Afghanistan has seen a lot of violence during the recent two weeks. The country has not seen so much violence under the rule of the Taliban* movement that seized power in the country in August 2021.
A wave of bloody violence has swept across Afghanistan having left dozens of dead and wounded. Hundreds left their homes and lost breadwinners. Such a background was clearly not part of the plan for Talibs* as they were preparing for the all-Afghan meeting of Islamic Ulema theologians in Kabul for the past two or three months. The meeting was supposed to be held in an attempt to strengthen the political status of the Taliban* to subsequently bring peace in the country and international recognition closer. However, everything went down the drain.
Shortly before the Ulema forum, which started working on June 30, the Balkhab district rebelled. This is a Hazar-populated district in the Sari-Pul province. Taliban's comrade-in-arms, local commander Mahdi disagreed with the appointment of Pashtun Taliban* to key positions in the Islamic Emirate.
Thousands of soldiers were sent to suppress the rebels. Fierce fighting continued in Balkhab for a week. Several villages were destroyed. Their inhabitants fled to neighboring provinces to escape from the Talibs*. The Kabul authorities were forced to make excuses: traitors were trying to split the movement from within.
Such an explanation was laughable.
The fact remains that the state mechanism of the Taliban* is not ready to take into account the interests of numerous ethnic groups of Afghanistan. Ethnic conflicts tear the country apart. The calls for peace on the part of the leaders of the Taliban movement* are in no way consistent with real life.
Hostilities also intensified in the Tajik-populated Panjshir Valley, where the National Resistance Front (NRF) headed by Ahmad Massoud operates. Back in August 2021, the Taliban* offered Massoud to enter the new government, but he declined and subsequently explained why. It is necessary to take into account the interests of all nationalities, otherwise there is no prospect for the future at all.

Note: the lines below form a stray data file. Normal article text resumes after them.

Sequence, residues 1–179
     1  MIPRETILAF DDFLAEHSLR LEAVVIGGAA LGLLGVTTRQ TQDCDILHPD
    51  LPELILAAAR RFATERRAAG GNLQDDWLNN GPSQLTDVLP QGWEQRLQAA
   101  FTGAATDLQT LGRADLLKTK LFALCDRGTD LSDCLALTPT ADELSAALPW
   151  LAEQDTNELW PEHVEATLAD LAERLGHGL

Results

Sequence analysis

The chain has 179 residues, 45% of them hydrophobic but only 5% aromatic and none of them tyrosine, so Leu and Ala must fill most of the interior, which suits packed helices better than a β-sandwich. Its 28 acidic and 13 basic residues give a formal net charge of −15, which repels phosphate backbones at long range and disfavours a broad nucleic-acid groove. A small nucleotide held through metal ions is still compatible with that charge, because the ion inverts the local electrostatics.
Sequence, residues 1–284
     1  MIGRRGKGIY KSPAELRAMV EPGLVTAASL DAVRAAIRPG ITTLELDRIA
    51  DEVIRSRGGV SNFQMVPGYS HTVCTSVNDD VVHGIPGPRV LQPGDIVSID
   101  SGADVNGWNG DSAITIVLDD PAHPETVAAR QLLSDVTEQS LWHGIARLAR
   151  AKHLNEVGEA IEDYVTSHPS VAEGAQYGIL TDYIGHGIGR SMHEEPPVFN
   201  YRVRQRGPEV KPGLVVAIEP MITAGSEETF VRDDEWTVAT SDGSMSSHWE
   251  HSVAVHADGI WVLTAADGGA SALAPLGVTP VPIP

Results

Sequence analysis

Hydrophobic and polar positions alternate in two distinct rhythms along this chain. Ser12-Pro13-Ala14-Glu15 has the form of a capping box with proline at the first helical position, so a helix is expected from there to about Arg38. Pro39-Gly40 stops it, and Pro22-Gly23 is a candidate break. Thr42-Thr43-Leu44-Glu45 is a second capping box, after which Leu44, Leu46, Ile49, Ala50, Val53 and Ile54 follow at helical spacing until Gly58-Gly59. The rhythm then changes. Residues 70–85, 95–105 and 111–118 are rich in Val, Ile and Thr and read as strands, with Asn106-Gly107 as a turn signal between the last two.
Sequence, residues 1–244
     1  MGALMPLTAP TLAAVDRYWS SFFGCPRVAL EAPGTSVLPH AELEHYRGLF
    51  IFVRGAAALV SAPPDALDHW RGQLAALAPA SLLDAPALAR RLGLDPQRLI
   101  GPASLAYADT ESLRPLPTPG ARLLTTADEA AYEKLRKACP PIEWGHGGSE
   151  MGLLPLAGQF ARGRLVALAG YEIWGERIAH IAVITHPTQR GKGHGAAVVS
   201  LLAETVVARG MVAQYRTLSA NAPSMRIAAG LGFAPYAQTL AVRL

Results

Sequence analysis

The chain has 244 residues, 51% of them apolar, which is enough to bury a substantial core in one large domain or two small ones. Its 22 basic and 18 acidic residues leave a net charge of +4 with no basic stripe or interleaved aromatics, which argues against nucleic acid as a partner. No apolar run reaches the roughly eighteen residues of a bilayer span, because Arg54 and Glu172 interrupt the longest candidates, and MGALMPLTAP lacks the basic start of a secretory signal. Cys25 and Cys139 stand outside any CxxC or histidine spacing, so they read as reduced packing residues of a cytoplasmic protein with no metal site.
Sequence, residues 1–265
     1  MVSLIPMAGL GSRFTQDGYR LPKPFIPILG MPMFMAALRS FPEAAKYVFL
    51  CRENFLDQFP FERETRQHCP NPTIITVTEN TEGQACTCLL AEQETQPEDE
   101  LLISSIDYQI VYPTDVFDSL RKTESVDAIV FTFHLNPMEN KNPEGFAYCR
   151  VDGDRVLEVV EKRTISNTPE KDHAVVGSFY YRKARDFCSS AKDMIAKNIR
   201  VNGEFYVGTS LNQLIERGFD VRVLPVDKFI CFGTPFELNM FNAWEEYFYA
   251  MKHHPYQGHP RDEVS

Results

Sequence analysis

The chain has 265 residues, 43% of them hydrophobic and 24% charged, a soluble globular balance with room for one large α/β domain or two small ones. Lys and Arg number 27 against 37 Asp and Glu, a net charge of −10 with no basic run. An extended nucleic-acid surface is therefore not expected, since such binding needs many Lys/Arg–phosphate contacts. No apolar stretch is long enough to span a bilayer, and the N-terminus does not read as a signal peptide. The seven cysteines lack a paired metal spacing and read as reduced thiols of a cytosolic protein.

Nevertheless, it was decided to hold the gathering of loyal Ulema. They were collected all over the country — as many as 3,500 people arrived. The absolute majority of them represented the Pashtun ethnic group. Needless to say that their mission was reduced to confirming the correctness of the political course of the Taliban*.
In fact, the meeting approved of the aggressive domestic policy of the Taliban*. It also endorsed their decision to close schools for girls over the age of six, which immediately caused an uproar not only in Afghanistan but also abroad. Sheikh Ansari produced the most depressing impression, though. He said that all enemies of the Islamic Emirate should be decapitated immediately.
A year ago, the long-term governor of the province of Herat, Ismail Khan, a Tajik, barely evaded such fate during the victorious offensive of the Taliban*. It was his past that saved him. During the 1980s, he was in the vanguard of the Mujahideens who fought against the Soviet troops. His closest associate was Ahmad Shah Massoud, the father of the current leader of the National Resistance Front, Ahmad Massoud.
After the capture of Herat, the Taliban* handcuffed the former governor, took him to the Iranian border and, threatening with reprisals, forced him to seek asylum in the neighboring country. A month ago, Ismail Khan illegally returned to Afghanistan. A few days after the Kabul Ulema Forum, he staged an attack on the headquarters of the National Guard of the Islamic Emirate in Herat. Dozens of soldiers were killed and wounded in the attack.
In addition, Ismail Khan said that he was ready to join forces with the leader of the National Resistance Front, Ahmad Massoud, who controlled the Panjshir Valley. Massoud had already had the support of Uzbek Marshal Dostum and Ato Muhammad Nur, the former governor of the northern province of Balkh. As one can see, the geography of the opposition alliance has been expanding and so has it military potential.
The Western Front may become a new serious test for the Taliban*. After all, they will have to deploy additional military contingent there either from Northern Balkh or Panjshir. In reality, nothing will come of this: both regions already experience armed clashes with opposition forces. Up to 20,000 Talibs* are permanently stationed in Panjshir alone.
If it were not for the material and moral assistance to the Panjshir Tajiks from neighboring Tajikistan, they would not have been able to effectively resist the Taliban*. The National Resistance Front is headquartered in Dushanbe.
In early July, the Front and its allies took the initiative to hold peace talks on Afghanistan in the Tajik capital of Dushanbe, inviting representatives of Kabul authorities there.
Noteworthy, the initiative was voiced a few days after Russian President Vladimir Putin's visit to Tajikistan. After a year of bloody confrontation, a new vector of settlement in Afghanistan is being formed. Its peculiar feature is the direct participation of forces that are opposed to the current government in Kabul.
*Terrorist organisation, banned in Russia